Women’s history, then, is shared history. We must learn about our past to see how it affects the present and how it will continue to affect our future.

 

Why, then, should Christians care about Women’s History Month? Here are three key reasons.

 

Dr. Joe McKeever shared a post at his personal blog discussing some things a pastor needs to communicate to new staff members.

Let’s say you’re the pastor of a growing church.  The church has just brought in a new minister to assist you in leading the congregation.  He/she might be a worship pastor, minister of music, student minister, or in charge of education or pastoral care.

 

One of the best things a pastor can do with the incoming minister is to make him/her aware of your expectations.  You will want to think them through and write them out, then share them after you both have agreed that God is leading him/her to your church.  Give the person the printed copy and don’t lose your own.  This may be necessary if the time comes when you have to deal with a rebellious or lazy staff member.

 

In sharing these, do it graciously, not dictatorially as though you are going to be looking over their shoulder all the time.

 

You could even follow this by asking for their expectations concerning you.  I guarantee you they have them.  They will expect you to deal with them as ministers of the gospel, to give them room to do their job, to pay them well and protect them on their off days, and to support them when the criticism is unfair.  If  the new staffer is expecting something from you which was not spoken and never implied, you want to know that up front before you get too deeply into the employment process.

 

What follows are things I shared with our staff members in six churches over forty-two years.  Some of them evolved, while some of them were there from the first.  The list is not complete, but only things I recall at this vantage point.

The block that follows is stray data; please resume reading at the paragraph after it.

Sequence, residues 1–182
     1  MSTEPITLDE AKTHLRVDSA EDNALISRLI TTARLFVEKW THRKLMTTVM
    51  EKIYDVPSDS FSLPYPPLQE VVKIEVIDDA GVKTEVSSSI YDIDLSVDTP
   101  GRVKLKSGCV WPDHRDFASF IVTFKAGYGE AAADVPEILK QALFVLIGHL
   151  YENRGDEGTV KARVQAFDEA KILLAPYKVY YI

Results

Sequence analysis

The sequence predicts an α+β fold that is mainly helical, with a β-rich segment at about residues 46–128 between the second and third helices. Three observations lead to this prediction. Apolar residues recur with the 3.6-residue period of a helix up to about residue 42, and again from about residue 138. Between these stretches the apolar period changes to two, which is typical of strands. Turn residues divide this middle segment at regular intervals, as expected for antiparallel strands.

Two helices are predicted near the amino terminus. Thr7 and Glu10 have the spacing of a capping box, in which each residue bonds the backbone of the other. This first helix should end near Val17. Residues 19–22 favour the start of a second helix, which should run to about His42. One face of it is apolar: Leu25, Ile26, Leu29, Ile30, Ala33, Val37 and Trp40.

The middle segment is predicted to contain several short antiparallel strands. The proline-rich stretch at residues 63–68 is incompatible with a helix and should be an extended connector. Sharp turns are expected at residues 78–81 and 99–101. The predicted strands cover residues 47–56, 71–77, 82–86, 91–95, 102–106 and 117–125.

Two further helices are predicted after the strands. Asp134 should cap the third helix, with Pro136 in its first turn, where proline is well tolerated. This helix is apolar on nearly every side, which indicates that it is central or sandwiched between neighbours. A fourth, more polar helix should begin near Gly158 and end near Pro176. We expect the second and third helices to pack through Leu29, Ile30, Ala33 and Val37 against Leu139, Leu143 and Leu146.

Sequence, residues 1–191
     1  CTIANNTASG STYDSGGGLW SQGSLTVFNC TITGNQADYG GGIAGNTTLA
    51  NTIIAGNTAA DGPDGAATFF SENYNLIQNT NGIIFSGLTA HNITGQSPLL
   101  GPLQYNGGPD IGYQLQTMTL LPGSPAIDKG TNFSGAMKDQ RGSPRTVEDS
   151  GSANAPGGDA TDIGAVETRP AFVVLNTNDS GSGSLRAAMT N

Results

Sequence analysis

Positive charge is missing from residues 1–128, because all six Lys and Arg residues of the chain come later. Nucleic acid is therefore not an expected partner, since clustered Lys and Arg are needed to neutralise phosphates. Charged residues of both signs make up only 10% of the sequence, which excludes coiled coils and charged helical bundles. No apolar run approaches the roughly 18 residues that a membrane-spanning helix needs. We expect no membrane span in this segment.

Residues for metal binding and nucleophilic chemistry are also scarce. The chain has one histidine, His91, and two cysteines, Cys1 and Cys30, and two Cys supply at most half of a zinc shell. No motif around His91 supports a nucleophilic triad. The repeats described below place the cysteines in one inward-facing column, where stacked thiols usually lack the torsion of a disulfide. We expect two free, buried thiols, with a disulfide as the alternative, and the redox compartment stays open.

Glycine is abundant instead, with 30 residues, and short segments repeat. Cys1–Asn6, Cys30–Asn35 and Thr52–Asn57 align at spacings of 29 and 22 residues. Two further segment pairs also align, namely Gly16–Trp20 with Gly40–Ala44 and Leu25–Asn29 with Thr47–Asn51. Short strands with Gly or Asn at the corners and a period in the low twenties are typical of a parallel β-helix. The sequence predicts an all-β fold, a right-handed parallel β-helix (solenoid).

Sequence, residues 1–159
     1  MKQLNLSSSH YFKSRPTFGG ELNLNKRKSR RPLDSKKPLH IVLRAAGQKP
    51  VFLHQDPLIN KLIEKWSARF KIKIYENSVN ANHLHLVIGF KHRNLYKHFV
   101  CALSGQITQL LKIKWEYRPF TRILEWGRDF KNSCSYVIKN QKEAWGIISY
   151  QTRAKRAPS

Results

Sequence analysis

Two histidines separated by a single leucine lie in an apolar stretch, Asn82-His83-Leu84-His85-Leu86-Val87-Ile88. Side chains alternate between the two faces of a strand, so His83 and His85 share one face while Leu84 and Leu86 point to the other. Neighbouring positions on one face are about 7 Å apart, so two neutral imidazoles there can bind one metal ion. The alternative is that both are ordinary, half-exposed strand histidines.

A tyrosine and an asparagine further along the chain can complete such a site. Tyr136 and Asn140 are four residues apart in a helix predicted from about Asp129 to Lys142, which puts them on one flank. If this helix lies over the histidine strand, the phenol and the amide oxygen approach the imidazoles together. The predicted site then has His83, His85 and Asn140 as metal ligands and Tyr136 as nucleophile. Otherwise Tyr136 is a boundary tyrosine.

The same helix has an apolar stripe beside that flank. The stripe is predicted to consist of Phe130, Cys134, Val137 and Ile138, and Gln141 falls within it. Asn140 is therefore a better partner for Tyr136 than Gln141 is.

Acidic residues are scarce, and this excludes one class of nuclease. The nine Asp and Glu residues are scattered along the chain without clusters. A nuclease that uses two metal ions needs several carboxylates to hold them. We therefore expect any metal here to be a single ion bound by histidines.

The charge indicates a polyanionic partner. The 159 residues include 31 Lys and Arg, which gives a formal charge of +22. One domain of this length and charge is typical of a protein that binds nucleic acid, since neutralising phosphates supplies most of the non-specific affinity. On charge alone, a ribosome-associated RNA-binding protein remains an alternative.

At The Baptist Press, Scott Hildreth shared about calling out the called. Dr. Hildreth writes:

I am begging pastors and student pastors to pray for God to call your people into ministry. It is also an appeal for pastors to make time in their sermons and schedules to call out the called. Christianity Today released a statistic several weeks ago showing that only one out of seven senior pastors are under 40. I wonder if it is because we have stopped making appeals for people to respond to God’s call to ministry.

 

Here are a few important points for any pastor who is willing to accept this challenge.

 

Art Rainer recently shared four financial reasons why people don’t go to the mission field.

There are roughly three billion people in the world with little to no access to the gospel. And many of those people will live and die without ever hearing the name of Jesus. If you are a Christ-follower, this fact should be one of the driving motivations for you to go and share this good news that you have heard and received.

 

Unfortunately, some people who are willing to go to the nations, are held back because of financial reasons. Whether you are in this place because of poor decisions or not, they need to be addressed. Let’s look at four financial reasons why people don’t go to the mission field and what you can do about it.

 

At his personal blog, Dr. Chuck Lawless recently posted a list of ten leadership time wasters.

If you’re a leader, you know the importance of using time wisely. That doesn’t mean, though, that most of us use time well. Here are some of the most common leadership time wasters, in my opinion.

 

Dr. Bruce Ashford recently shared a helpful post discussing five ways to get the most out of a book. Dr. Ashford writes:

It’s sad, but true. I had already graduated with a Ph.D. before I really learned to get the most out of a book. It’s not that I hadn’t read many books or hadn’t read them with serious intent. I had been a serial reader since I was a small child. I had studied books in order to prepare for exams, evaluate them for critical reviews, or interact with them in research papers or journal articles.

 

But I had not really learned how to get the most out of a book.

 

Only when I started teaching undergraduate reading seminars at The College at Southeastern did I learn to read a book for all it is worth. In those “History of Ideas” seminars, I led students to read many of the greatest books ever written, including great works of fiction (e.g. Dante, Virgil, Milton, Chaucer), philosophy (e.g. Plato, Aristotle, Kant, Hegel, Marx), history (e.g. Herodotus), and theology (e.g. Augustine, Aquinas, Erasmus, Luther).